We’ve got a policy, so that’s alright then..


I’m always interested in why people don’t do what they know that they should or why things don’t happen as we think they will. Interventions that are demonstrably effective, evidenced in the literature and incorporated into guidelines are not implemented even though ‘it’s in the policy’. We have to remember that implementation often has many sides. We can spend a lot of time designing an effective intervention based on the most robust evidence and then it just doesn’t happen on the shop floor. Sometimes this is failure to engage the staff that will actually implement the measure, but what about the involvement of those to whom the deed is done? A simple two-letter word can stop healthcare provision in it’s tracks. That word is ‘No’.

In a very nice short report in the August edition of ICHE, Hines and colleagues decided to investigate why, despite it being policy to use Chlorhexidine (CHG) on patients in critical care areas, compliance with this evidence-based measure was only 63%. Importantly, they sought to discover why this was so.

Using a short, 11 question survey on SurveyMonkey™ (free for up to 10 questions, so always worth considering) to collect information on knowledge, beliefs, practices and potential barriers. They also importantly asked respondents what would increase their compliance. The respondents were grouped into two categories; Nurses and Patient Care Technicians (PCTs). Coming from the UK, I’m not familiar with the role of a PCT however it seems to be a developing role that may have been called an orderly, aide etc. In the UK we may call them a Health Care Assistant I would guess. More information on this role can be found here.

Anyway, I digress. The findings of the study are interesting. 88% identified that CHG was in the organisation’s policy and so it appears that the knowledge level of the staff was high. The attitude results were interesting however in that 85% felt that bathing was beneficial to patient care (quite interesting that 15% felt that a wash wasn’t beneficial..) however only 63% felt that CHG bathing was a benefit. Interestingly, the PCT’s attitude to CHG bathing was more positive than the nurses (possibly because they were the ones doing it). 80% of PCTs felt that CHG bathing was a priority whereas only 50% of nurses thought it was. The authors suggest that this may be related to the task-oriented role of the PCTs.

The reported barriers are also interesting. The PCTs most commonly cited patient refusal, probably again because of their more direct involvement and there was also a suggestion from the authors that there may be an artefact of the level of authority that these staff members hold. Should the PCTs, who deliver a lot of the ‘hands-on’ care be equipped with negotiation and education skills that would enable them to engage with reluctant patients I wonder? The nurses also agreed with this, but to a lesser extent. Were nurses better equipped to explain the benefits of the intervention?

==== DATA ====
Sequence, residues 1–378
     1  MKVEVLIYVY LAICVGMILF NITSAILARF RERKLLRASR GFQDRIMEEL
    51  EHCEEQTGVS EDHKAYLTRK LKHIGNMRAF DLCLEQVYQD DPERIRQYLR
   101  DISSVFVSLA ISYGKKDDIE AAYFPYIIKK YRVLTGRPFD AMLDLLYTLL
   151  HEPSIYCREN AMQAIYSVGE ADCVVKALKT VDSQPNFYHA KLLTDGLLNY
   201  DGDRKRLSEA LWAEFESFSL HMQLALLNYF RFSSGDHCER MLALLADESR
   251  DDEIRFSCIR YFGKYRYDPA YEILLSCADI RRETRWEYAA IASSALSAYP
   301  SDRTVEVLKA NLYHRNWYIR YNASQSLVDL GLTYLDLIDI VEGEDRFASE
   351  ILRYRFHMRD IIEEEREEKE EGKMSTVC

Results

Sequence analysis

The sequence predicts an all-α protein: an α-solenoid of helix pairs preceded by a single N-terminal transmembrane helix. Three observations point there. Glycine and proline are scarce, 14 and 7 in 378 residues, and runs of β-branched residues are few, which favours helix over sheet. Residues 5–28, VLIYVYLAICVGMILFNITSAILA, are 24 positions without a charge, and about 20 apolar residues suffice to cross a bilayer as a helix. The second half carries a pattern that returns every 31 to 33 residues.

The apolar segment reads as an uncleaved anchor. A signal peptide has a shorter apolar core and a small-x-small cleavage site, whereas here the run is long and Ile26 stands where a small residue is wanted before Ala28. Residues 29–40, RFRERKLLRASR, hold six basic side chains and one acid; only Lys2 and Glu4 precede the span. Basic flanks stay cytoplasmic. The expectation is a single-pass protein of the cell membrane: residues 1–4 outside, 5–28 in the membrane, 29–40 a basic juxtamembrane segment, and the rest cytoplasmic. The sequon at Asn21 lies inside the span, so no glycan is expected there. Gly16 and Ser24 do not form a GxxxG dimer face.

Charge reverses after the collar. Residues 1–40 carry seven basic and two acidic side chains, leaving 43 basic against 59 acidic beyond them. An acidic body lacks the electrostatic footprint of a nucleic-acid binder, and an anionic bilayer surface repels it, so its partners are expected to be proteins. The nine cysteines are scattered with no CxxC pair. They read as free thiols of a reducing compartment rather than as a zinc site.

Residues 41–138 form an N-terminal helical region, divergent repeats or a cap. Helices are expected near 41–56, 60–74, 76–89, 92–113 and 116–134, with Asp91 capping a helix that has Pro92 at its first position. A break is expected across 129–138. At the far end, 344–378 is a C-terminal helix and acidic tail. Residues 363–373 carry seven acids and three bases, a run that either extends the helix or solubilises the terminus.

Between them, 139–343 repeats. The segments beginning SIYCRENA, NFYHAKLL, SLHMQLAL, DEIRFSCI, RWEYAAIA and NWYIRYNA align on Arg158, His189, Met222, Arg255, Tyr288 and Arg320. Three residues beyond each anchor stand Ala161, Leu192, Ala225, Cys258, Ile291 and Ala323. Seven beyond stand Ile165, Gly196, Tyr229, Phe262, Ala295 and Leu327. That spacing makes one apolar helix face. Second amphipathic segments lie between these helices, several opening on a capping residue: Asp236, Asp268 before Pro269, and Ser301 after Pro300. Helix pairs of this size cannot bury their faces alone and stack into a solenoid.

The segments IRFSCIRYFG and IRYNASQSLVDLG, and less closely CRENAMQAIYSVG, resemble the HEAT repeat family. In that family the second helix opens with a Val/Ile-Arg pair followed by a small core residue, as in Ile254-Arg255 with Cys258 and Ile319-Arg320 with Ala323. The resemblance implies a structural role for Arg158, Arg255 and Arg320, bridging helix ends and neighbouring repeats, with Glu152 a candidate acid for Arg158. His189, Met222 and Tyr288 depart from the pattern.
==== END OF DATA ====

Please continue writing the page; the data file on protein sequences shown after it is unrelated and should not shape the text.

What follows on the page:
The question as to what would increase the use of Chlorhexidine baths yielded a view that more education for patients and their families and more assistance from support staff would be beneficial. This question was a pick list of possible measures. I think I might have left this totally blank and allowed a free text answer. Although there was an ‘other’ box at the end, personally if I think I have completed enough possibles I’m unlikely to bother with the ‘other’ box. Leaving it blank may have thrown up some interesting possibilities that those implementing an intervention themselves may find beneficial and that they had not thought of themselves.

I’d really like to see this sort of work taken a stage further with some qualitative interviews of nurses, PCTs and patients to really tease out what the barriers are and how they could be overcome. The patient refusal is an interesting one and merits further study. We can find the most effective treatments, write a policy that says ‘this is what we do’ but if the patient says ‘no thanks’ it doesn’t really matter. We need to understand why patients say no and use techniques to tease out the real reasons. May years ago I sold cars for a living. We were thought to use a simple technique to tease out a real objection to purchase if the person was reluctant that could be dealt with. It’s easy. Ask what the problem is. Listen to the answer carefully and then use “If I could….. would you…” to counteract the issue raised. If the answer is ‘No’ than that wasn’t the real objection. Careful probing nearly always gets you to the root issue. Only then can you attempt deal with it.

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